Useful Notes: Prime Minister's Question Time
Jim Hacker: Opposition's about asking awkward questions.
Sir Humphrey: And government is about not answering them.
— Yes, Minister, "Open Government"
"Prime Minister, could you look interested while I bring up some boring shit about my constituency?"Prime Minister's Question Time (Usually abbreviated to PMQs) is a half-hour session in the British House of Commons every Wednesday usually at 12:30pm (when in session), in which the Prime Minister answers questions on issues of the day. Unless he's careful. Many Commonwealth countries that use the Westminster system of Government have their own examples of Question Time within their own parliaments. Things that occur often in PMQs:
— Frankie Boyle, Mock the Week: "Bad things to say at Prime Minister's Question Time"
- "Question Number One, Mr. Speaker": This is the opening written question which asks the Prime Minister to outline his engagements for the day. Technically, MPs must submit all of their questions in writing before the session and the speaker randomly picks the questions to be asked. Obviously, this is the equivalent to mailing the enemy the plans before every battle, and to get around this, the opposition party members will simply write "question number one" as their written submission, and ask their actual question as a follow-up (this is why the Question is so vague—technically the supplementary question must be related to the submitted one). This in the past has led to the PM having to say "I refer the Honourable Gentleman to my earlier answer" or words to that effect a lot. This rather stupid practice has now been dropped. If the "written question" is that one and it's not the first one, it's skipped. The usual response from the PM to that one is, "This morning I had meetings with my ministerial colleagues in addition to my duties in the House. I will have further such meetings later today."
- In his last session, Tony Blair concluded this statement with, "I will have no such further meetings today, or any other day." This met with laughter and applause from all assembled. (By the way, the applause was sincere—even the Tories recognized Blair's job well done.)
- Tributes to the war dead: All too often these days, the PM will precede the obligatory response to that question with a brief listing and tribute to all those who died in foreign military operations since the last PMQs. Dead members of Parliament will also turn up here. Hopefully not in the flesh.
- The PM-Leader of the Opposition exchange: The Leader of the Opposition gets six questions, which he or she can use in one go, or split up as he or she desires. These questions are designed to embarrass the government. The PM usually dodges the question and attacks the Opposition. The best one-liners are here and this part will often get featured on the news broadcasts.
- The PM-SNP Leader exchange: Previously an exchange between the PM and the leader of the Liberal Democrats, at least Lib Dems formed a coalition with the Tories in 2010, and then lost their status as the third largest party in the house to the Scottish National Party in the 2015 election. With only two questions for this section, it wasn't such an interesting event, but there could still be some good stuff there. Acting Lib Dem leader Vince Cable's crack about Gordon Brown having transformed from "Stalin to Mr. Bean"note is probably the best known. Zing.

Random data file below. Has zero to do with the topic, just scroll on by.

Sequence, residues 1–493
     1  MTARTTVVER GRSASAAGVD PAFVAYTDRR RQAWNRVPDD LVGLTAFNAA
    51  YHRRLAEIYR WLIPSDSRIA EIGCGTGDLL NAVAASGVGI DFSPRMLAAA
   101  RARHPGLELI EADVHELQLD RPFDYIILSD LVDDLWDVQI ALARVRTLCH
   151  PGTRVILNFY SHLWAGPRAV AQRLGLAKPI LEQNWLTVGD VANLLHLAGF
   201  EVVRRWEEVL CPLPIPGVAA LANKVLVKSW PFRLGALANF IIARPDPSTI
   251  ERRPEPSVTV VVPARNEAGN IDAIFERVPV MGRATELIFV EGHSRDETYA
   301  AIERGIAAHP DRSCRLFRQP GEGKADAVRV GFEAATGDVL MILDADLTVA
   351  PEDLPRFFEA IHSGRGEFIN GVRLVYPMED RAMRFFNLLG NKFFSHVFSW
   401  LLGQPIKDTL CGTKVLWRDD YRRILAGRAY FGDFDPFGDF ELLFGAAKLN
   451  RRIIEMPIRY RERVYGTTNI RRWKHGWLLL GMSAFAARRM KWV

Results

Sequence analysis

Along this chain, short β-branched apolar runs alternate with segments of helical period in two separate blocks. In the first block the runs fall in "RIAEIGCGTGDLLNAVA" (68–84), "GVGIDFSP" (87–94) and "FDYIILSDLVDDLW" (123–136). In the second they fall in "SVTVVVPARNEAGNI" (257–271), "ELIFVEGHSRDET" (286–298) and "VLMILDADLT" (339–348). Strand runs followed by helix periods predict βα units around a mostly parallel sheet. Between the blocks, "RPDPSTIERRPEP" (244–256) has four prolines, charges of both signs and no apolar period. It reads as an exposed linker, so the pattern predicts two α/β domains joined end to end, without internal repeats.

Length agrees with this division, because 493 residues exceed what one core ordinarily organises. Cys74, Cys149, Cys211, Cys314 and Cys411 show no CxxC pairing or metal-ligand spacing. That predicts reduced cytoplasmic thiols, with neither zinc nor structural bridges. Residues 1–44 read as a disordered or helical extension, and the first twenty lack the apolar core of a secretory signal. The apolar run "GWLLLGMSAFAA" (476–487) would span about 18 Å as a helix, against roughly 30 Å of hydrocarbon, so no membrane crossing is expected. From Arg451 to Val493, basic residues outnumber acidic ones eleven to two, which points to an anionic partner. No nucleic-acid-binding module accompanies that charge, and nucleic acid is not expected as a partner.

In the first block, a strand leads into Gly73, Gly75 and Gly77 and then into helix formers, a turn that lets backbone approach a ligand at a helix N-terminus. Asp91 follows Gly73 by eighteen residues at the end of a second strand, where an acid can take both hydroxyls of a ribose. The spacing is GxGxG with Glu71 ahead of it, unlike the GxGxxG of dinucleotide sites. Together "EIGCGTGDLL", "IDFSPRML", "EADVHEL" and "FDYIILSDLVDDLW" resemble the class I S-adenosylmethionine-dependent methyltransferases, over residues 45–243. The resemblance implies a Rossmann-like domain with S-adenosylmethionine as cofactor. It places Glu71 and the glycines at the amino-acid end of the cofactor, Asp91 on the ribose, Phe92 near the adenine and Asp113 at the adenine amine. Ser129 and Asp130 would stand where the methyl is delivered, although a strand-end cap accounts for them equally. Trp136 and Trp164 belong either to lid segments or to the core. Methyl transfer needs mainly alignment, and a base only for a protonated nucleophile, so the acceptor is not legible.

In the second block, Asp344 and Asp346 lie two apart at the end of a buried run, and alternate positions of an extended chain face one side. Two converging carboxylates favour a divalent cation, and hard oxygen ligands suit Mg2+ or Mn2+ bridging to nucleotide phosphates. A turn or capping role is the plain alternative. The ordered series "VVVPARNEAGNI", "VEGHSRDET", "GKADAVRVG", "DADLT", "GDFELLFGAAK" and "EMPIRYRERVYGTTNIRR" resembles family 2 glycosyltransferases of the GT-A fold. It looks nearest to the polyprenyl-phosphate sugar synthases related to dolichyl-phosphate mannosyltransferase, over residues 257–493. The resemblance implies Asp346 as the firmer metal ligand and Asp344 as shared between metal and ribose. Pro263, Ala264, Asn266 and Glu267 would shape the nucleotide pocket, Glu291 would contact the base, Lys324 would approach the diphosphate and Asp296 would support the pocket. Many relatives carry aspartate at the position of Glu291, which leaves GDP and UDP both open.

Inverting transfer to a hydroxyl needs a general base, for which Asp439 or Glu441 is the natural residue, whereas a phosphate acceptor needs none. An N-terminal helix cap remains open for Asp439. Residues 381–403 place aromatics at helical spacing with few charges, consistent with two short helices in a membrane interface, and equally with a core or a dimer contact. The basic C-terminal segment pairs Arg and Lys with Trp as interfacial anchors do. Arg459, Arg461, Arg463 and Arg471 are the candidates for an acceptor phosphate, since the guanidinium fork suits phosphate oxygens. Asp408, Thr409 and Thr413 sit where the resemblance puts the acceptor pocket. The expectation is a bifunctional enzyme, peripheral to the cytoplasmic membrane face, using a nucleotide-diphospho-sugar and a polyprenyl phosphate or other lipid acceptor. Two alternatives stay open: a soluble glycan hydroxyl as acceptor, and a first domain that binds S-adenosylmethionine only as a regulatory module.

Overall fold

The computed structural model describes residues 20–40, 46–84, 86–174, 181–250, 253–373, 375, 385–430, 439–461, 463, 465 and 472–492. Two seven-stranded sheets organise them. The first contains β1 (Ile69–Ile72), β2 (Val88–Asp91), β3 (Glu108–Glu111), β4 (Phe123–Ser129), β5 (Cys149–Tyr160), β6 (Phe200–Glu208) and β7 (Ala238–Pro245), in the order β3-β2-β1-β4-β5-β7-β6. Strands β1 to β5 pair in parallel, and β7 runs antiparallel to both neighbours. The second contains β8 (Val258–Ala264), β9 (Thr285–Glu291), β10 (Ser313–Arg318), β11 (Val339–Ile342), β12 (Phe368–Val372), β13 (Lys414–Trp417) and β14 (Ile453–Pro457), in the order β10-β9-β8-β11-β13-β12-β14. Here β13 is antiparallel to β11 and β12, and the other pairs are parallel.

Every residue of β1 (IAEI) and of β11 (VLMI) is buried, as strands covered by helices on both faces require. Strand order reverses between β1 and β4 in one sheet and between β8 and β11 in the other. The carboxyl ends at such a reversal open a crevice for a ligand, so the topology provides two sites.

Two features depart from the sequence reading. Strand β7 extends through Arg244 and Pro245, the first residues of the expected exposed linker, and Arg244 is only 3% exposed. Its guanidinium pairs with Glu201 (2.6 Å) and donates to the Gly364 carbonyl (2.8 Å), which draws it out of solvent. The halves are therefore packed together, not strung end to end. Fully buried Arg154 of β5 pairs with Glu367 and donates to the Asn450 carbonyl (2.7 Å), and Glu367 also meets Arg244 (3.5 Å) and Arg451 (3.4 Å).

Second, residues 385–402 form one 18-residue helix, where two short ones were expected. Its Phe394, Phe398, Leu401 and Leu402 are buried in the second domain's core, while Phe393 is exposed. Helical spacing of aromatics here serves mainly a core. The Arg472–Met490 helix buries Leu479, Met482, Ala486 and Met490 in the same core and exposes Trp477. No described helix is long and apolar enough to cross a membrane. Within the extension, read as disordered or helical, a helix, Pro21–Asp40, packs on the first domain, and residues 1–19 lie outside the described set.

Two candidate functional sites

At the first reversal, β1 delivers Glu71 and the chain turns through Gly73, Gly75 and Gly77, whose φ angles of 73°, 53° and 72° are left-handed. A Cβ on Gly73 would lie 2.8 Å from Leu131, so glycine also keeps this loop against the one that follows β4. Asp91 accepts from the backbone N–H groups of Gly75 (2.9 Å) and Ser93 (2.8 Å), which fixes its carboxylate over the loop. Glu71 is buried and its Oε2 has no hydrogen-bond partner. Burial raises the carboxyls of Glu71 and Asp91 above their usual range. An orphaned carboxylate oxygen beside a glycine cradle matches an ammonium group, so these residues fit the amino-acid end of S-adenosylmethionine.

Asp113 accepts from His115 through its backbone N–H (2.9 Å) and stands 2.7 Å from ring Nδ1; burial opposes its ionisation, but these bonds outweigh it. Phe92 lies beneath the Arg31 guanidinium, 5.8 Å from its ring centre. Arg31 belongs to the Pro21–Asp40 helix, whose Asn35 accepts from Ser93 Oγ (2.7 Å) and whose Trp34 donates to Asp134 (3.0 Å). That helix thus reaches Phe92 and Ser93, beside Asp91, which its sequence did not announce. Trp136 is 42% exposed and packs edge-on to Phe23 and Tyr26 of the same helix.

- Common things for the two above:
- Accusations of flip-flopping
- "Your minister disagrees with you".
- Quoting statistics at each other.
- Soft Government backbencher questions: Here, loyal government backbenchers ask really soft questions and praise the prime minister for the new maternity ward or whatnot in their constituencies. Will attack the Opposition in these "questions" (sometimes they won't actually ask a question). Sometimes the Speaker will tell them to ask an actual question or sit down.
- Will be phrased as "Prime Minister, could you please detail in length why you are so awesome?" Or something similar.
- In Australia these are colloquially known as "Dorothy Dixers", named after one of the earliest examples of the advice columnist.
- General rowdiness, cat calls etc. A lot fewer than there were, due to PMQs being moved a few years ago to before lunch (where many MPs would have a pint or two).
- It was largely for this reason that Robin Williams referred to it as 'the House of Congress with a two drink minimum'.
- The whole thing has been called "Punch and Judy politics", naming it after the children's puppet show which chiefly involves the characters endlessly beating each other with sticks.
- The place will often be far too empty. In real life, the Commons Chamber (which only has seats for 430 out of the c.650 Members anyway) is always standing room only. At all other times the chamber will be mostly empty unless there is an important vote, even for debates on vital issues. Sad, but true. It's a good thing when they had to rebuild the chamber following bomb damage in WW2 that they went with the old (too small) design, as one of the reasons Churchill for one pressed for keeping the old style (besides tradition) was that if there were seats for everyone most debates would take place with less than a quarter of the space filled.
- There is now a computer game regarding the activity.
- Saturday Night Live ran a sketch with Mike Myers (guest hosting at this point) playing John Major. One MP (played by Will Farrell) repeatedly pressed the prime minister on his plans to deal with the pending break-up of the band Oasis and one Irish MP (played by Colin Quinn) grew so agitated (mostly by the PM's rebuttals of his questions being little more than "alcoholic Irish" jokes) he started asking questions like "Will the prime minister be driving his usual car home tonight?" and "Would the prime minister mind holding this unmarked package for a few hours?"